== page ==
Sony Semiconductor Solutions has launched its third generation image sensors, IMX421 and IMX422, for “high-speed automation”.
Framos, a supplier of the technology, says the Sony Semiconductor Solutions feature its high-performance third generation CMOS Global Shutter with the brand-new IMX421 and IMX422 image sensors.
Both of these two high-speed sensors are designed for machine vision and factory automation, says Framos, and come with a pixel size of 4.5 µm for “high sensitivity and low noise”.
The IMX422 achieves a frame rate of more than 434 fps at 10 bit pixel depth, providing a square pixel array of 1/1.7” and 2 megapixel resolution.
The IMX421 achieves a frame rate of up to 371 fps implementing a 2/3” format and 2.8 Megapixel resolution.
These high readout rates are supported by a full-HD readout-mode and the new SLVS-EC interface.
New features like High / Low Conversation Gain (HCG/LCG), Dual Trigger, Dual ADC, and Self Triggering increase the maximum throughput for precise object recognition and quality assurance of moving objects.
Sibel Yorulmaz-Cokugur, Line Manager for Sony Semiconductor Solutions at Framos says: “Sony’s new SLVS-EC standard with 8 lanes answers the increasing demands in resolution and speed, and provides a maximum output of 18.4Gbps.
“Besides the excellent speed performance, both sensors achieve a high saturation of >25.000e-, low dark current, and low PLS characteristics.
“The IMX421 and IMX422 clearly show how the combination of high resolution and high frame rates, along with Global Shutter read-out technology, boosts imaging quality and speed.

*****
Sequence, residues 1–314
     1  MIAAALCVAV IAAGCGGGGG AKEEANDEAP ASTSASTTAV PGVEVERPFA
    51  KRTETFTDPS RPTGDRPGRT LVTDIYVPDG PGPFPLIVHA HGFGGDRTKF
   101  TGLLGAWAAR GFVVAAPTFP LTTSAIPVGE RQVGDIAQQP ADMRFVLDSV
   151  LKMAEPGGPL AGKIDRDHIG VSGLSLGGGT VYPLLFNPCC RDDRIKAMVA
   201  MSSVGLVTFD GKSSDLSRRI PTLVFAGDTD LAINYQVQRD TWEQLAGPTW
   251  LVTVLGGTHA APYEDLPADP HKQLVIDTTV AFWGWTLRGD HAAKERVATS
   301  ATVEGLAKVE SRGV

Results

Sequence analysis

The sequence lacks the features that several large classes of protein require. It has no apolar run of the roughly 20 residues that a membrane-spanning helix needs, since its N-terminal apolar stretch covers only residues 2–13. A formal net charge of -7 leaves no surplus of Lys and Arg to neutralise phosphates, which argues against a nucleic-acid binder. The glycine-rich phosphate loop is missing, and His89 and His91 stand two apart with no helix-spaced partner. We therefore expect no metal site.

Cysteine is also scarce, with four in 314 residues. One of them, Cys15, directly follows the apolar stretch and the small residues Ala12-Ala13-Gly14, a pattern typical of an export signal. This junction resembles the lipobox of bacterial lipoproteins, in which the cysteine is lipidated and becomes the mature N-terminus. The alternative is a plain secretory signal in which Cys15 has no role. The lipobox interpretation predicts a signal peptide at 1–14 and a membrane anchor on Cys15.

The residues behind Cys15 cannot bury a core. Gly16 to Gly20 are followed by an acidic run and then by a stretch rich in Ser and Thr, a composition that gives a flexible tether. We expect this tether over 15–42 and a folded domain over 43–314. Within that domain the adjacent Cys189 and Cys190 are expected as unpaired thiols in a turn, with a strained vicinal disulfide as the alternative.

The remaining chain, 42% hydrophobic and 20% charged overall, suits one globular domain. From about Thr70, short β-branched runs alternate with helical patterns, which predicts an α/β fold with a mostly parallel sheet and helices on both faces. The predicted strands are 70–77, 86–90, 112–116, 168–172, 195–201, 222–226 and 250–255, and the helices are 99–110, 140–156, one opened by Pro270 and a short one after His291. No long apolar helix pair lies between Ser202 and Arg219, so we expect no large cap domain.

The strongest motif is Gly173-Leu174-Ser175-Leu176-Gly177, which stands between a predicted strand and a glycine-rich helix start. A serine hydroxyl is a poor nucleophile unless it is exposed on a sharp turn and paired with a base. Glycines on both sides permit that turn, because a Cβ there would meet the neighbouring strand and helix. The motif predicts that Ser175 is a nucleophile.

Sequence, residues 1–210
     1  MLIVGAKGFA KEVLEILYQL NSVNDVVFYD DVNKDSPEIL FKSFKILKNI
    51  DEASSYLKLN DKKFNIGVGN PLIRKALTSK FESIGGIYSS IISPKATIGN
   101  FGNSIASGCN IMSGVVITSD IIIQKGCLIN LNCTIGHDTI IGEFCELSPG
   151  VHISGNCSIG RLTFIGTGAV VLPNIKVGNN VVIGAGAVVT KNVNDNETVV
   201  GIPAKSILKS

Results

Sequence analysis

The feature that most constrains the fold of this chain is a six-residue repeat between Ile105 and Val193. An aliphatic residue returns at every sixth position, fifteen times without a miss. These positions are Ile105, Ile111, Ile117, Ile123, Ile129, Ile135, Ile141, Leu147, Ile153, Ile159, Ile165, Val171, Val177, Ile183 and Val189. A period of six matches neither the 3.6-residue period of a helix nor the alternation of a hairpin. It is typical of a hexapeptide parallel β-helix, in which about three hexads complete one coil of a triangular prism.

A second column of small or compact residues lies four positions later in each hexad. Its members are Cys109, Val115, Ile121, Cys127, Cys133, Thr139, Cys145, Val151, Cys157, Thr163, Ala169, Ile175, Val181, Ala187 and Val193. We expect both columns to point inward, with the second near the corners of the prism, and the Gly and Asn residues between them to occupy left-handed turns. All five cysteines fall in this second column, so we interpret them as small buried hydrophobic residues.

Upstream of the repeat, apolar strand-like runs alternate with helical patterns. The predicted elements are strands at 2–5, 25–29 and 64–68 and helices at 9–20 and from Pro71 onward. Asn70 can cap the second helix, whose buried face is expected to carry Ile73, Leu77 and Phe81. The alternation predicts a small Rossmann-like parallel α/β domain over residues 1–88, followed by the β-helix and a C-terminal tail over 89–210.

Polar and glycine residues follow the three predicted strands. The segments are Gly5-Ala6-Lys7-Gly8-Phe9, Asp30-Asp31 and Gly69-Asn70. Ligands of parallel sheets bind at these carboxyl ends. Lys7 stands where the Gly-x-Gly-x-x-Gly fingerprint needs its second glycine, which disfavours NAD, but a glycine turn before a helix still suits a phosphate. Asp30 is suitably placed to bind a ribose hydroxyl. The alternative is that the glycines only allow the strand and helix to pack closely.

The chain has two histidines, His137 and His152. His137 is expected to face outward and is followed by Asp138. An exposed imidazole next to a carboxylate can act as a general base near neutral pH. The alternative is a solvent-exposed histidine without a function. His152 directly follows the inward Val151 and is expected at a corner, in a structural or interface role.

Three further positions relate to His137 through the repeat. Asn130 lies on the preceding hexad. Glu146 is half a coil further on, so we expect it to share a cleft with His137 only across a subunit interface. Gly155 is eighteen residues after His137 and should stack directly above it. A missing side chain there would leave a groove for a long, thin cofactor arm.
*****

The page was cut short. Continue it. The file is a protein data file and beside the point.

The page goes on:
“Especially in the smart factory or so-called ‘Industry 4.0’, automated production plants and lines benefit from Sony’s additional sensor functionalities to increase image quality and speed.”
Framos says both sensors are equipped with several additional features, specific to Sony’s third generation:
The High Conversion Gain (HCG) allows the acquisition of images with better quality under low light conditions. This result is achieved by increasing the conversion gain of the pixels while keeping the noise contribution of the analog circuit constant.
Conversely, the Low Conversion Gain mode (LCG) is used under bright illumination conditions, realized by lowering the conversion gain of the pixel.
Dual triggering allows different exposure times and gains in different regions of interest, to obtain an individual and effective image acquisition pipeline with two external trigger signals.
The Dual ADC can read each pixel with separate gains. A high dynamic range image can be obtained by combining the two images, “off-the-sensor”.
The Self Trigger feature detects a change in the predefined “sensing area” and acquires an image automatically when this change exceeds a set threshold.
Evaluation samples are now available at Framos, with mass production scheduled for Summer, 2018.
Framos says all Sony third generation sensors are pin-compatible, and the one sensor board design can be utilized for other sensors and projects to minimize development efforts.